Caring For Your Lawn Issue 1: Tips

Welcome to your first email on lawn care, and thanks for subscribing. This is the first of five emails that will teach you to care for your grass the right way, no matter what your skill level. We'll be covering the basics of mowing, raking, weeding, and seeding as well as breaking down the important jobs of dethatching, aerating, overseeding, fertilizing, how to choose a lawn mower and how to keep that mower in good working order.  When you're finished reading this course you'll know all you need to know to make a perfect, lush, green lawn that will be the envy of the neighborhood.

Here are the basics every lawn pro needs to know:

Do mow your lawn as often as needed. The rule is to only cut one third of the height at a time. Any more than that hurts the photosynthesis ability (the way plants convert carbon dioxide into sugar for growth).

Tip: If you haven't been able to mow because of rain, or vacation, raise the blade height on your mower so you're not taking more than 1/3 off the top. Lower it a few days later, to get back to your regular grass height.

Don't cut your lawn short. Two to three inches high is perfect. At this level your grass has the best chance to fend off invading weeds and disease. It provides good shade cover to the roots, and that means water won't just be burned off by the sun.

Tip: Set your mower blades to a 2-inch height. When the lawn reaches 3 inches high, it's time to mow, and you are taking off exactly one third.

Don't water daily. Daily sprinkling is the single worst thing you can do to your grass! Grass roots grow by seeking water, and if water is always close to the surface, they'll never dig down deep.

Tip: If your footprints stay in the lawn, you've waited too long to water, and the blades have lost moisture. Use a stick to poke a hole 4-to 6-inches deep and check the moisture with your finger before it gets to that point.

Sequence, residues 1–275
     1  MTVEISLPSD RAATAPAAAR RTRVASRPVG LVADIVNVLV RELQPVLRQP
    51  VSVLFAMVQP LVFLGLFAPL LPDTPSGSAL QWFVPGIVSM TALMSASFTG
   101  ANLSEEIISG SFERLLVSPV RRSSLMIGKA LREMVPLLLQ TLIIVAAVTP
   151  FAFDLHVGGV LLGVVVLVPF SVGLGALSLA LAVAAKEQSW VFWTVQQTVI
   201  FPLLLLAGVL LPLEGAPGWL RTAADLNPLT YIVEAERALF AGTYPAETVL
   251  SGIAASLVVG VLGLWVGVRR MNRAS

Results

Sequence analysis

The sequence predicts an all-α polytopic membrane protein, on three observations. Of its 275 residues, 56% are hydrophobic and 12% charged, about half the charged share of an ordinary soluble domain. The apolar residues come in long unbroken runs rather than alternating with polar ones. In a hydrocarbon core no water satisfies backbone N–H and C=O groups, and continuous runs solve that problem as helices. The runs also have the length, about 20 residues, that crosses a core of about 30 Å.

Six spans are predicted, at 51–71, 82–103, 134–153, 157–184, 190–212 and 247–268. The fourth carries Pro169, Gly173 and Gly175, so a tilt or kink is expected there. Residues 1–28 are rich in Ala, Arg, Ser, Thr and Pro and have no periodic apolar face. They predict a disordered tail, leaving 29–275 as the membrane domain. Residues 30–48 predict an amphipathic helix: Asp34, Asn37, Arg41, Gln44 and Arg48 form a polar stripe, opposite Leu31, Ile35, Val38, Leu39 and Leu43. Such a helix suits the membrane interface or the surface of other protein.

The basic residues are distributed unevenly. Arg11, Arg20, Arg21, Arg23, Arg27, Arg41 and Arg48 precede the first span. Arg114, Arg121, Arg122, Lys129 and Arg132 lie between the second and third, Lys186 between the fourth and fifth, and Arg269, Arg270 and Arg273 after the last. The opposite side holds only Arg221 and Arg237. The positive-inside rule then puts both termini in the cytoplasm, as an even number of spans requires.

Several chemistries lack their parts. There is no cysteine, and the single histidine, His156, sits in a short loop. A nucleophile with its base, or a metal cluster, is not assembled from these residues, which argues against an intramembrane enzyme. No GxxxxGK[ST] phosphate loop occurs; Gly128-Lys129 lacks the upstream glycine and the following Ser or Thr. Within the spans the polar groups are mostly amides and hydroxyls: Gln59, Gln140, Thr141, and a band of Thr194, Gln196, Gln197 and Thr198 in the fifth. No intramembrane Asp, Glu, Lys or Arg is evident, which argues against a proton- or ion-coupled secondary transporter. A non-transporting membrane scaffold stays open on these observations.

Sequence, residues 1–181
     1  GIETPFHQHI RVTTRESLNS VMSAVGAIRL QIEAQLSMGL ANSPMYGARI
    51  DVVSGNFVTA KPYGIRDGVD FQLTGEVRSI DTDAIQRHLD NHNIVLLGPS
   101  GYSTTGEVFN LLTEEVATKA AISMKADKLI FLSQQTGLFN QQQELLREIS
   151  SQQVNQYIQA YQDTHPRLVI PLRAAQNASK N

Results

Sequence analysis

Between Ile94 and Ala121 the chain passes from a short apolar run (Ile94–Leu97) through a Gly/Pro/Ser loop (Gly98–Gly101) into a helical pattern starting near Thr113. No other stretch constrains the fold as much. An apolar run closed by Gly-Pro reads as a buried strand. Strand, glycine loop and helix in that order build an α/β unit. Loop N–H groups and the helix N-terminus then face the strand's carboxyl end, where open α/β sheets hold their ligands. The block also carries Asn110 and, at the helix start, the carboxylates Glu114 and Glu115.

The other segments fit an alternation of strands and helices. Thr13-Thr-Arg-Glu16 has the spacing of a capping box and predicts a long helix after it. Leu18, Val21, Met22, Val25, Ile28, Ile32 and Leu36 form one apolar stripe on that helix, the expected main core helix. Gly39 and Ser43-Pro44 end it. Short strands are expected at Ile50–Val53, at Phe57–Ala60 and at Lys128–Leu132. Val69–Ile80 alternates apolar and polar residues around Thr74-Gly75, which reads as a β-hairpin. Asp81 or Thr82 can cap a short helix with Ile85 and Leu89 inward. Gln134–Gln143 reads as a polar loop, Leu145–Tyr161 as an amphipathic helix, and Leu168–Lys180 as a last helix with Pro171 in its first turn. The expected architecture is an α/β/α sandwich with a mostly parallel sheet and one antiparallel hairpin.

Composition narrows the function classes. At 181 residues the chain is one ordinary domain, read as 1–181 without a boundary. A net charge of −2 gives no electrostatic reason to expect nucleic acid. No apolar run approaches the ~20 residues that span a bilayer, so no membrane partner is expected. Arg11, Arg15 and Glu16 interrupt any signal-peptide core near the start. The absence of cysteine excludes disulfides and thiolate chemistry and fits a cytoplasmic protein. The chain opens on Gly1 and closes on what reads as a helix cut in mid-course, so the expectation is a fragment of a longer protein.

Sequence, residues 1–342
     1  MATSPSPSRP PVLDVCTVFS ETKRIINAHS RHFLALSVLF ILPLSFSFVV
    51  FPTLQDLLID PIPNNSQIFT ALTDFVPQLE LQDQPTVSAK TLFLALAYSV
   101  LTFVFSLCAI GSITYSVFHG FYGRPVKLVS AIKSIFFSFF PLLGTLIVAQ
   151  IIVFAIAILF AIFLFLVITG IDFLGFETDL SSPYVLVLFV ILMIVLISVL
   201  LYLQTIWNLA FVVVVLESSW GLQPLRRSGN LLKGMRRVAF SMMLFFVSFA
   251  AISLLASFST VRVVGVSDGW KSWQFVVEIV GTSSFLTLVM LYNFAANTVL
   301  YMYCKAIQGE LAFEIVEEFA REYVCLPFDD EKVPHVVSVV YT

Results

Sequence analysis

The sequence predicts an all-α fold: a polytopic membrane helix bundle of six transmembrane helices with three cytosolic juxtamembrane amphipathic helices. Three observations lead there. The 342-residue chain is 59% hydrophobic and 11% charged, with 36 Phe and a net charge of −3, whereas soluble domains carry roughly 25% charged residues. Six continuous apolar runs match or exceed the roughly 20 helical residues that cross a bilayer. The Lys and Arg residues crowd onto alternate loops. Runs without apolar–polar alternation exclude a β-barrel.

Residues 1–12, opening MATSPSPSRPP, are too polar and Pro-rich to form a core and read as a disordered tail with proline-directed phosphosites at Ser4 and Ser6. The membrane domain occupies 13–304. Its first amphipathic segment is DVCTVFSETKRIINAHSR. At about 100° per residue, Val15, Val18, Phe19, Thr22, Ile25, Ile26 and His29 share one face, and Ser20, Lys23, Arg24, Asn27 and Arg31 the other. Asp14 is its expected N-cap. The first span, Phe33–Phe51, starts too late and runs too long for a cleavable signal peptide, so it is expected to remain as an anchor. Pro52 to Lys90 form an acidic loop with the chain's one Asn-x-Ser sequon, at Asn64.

Do water deeply. Give your yard a thorough watering, giving it a good inch of water. That will teach the roots to reach down for moisture. With a strong deep root system you get many benefits; disease & weed resistance, soil drainage, and drought resistant grass.

Tip: Next time you water, put out empty cans in several spots. When the cans have an inch of water in them, you're done watering.

Do water in the morning. This gives the best chance for the water to soak in, and evaporate off the blades without burning in the midday sun.

Don't water in the evening, this leaves moisture on the top and creates perfect conditions for mildew, disease, and fungus.

Do leave lawn clippings on the yard. This gives an easy and plentiful source of food for your turf. They break down quickly, and return the nutrition back to the yard.

Don't let leaves stay on the ground. Leaves don't break down quickly, and they block out sunlight and trap moisture. This provides the perfect conditions for disease, mold, and fungus.

Taking care of your lawn is such a rewarding thing to do. A good-looking yard is pleasing to see, but there are so many more benefits. You get to spend time outdoors and get some exercise. Not only do you save money by doing the work yourself, you get a workout, and enjoy the day.

A healthy lawn pays you back in other ways, too.

Just like all living things, the stronger it is, the healthier it stays. We focus on organic lawn care for two main reasons. The first is because it means there is no 'keep off' time where you have to keep people and pets away. The second is that it works.

With even just these few tips, you're well on your way to a great lawn. Simple watering and mowing techniques will make dramatic changes for the better. With deeper roots, and longer blades, the whole character of the grass changes to become vigorous and healthy.

In tomorrow's email, we'll go over spring prep, explaining raking, dethatching, overseeding, and aerating. All four things go together for laying the groundwork of a great base for your lawn.

Until next time!

The Editors,
World of Lawn Care
www.world-of-lawn-care.com